Friday, June 25, 2021

The View from the Very Best House in Town by Meera Trehan

Book Summary

This inventive debut combines the pleasures of a thriller, a school story, and a real estate listing in its witty and insightful exploration of what it means to be—and lose—a friend.

Sam and Asha. Asha and Sam. A perfect pair of friends whose differences complement well, and whose main similarity, autism, means they understand each other. They are a fixture, an established thing, just as Donnybrooke, the mansion that sits on the highest hill in Coreville, is the acknowledged best house in town—and Asha’s dream home. But when Sam is accepted into elite Castleton Academy, leaving Asha to navigate public middle school alone, she begins to wonder if the things she is certain about are so fixed after all. Because soon Sam is spending time with Prestyn, Asha’s tormentor whose family also happens to own Donnybrooke, and who have forbidden Asha from setting foot inside. Told from the points of view of Asha, Sam, and Donnybrooke itself, this remarkable debut explores themes of prejudice and classism as it delves into the mysteries of what makes a person a friend and a house a home.

Flo's Review

Well, this book took me through the range of emotions. I felt protective of Asha and Sam. I felt angry at the adults. And I rolled my eyes so hard at Donnybroke throughout the whole thing.

There's so much to explore in this story that I'm sure sleep deprived me won't scratch the surface, but I'll try to mention a few things. 

First of all, I loved how different points of view came in. How Donnybroke saw himself, how Asha same him, how Sam saw him, how Prestyn saw him. You of course have the different POVs of the children -- for example, how Sam's mom saw him, how Prestyn saw him, how Asha saw him, how he saw himself. Same with Asha.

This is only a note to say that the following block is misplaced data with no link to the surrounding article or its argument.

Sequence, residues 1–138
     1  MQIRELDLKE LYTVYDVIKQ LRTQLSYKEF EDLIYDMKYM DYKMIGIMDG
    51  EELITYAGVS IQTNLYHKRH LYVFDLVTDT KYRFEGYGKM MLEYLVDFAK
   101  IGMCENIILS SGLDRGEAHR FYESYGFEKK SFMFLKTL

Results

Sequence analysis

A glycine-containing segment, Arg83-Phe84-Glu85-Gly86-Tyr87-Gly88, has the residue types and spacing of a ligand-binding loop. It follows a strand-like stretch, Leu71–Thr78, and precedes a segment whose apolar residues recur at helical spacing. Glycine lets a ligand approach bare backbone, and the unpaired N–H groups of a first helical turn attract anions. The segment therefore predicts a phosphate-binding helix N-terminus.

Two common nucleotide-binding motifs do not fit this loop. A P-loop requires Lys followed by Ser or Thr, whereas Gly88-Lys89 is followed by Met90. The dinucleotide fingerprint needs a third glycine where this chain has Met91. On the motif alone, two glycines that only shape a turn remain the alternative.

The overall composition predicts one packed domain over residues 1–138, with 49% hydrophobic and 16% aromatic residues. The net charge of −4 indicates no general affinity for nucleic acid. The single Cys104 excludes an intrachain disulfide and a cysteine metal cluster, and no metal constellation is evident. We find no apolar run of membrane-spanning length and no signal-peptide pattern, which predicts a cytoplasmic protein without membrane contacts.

I felt a lot of this book with my heart hurting for Sam and Asha and what I thought they didn't realize. But by the end I came to understand that they did realize everything. They processed it in their own time and way, and came out stronger. Though they were doubted by some of the adults in the story, they were also loved and understood by others. My favorite part of this story was walking this path with Sam and Asha, seeing through their eyes, feeling all the confusion and hurt, and then seeing how much they grew, individually. Friend break ups and relationships in general are every bit as emotional and impactful on the individuals as romantic relationships, and I'm always happy to read a friendship story.

I feel like I could go into my app store and download Househaunt! What detailed, realistic description of that game. Though I agree with Joanna -- it's probably too gross for me! Lol

Also, can we please have a mini series of stories from around the town all narrated by Donnybroke? That would be amazing.

The View from the Very Best House in Town publishes in February 2022, but don't worry -- I will definitely be reminding you of it when it gets closer to pub date so you can pick it up!

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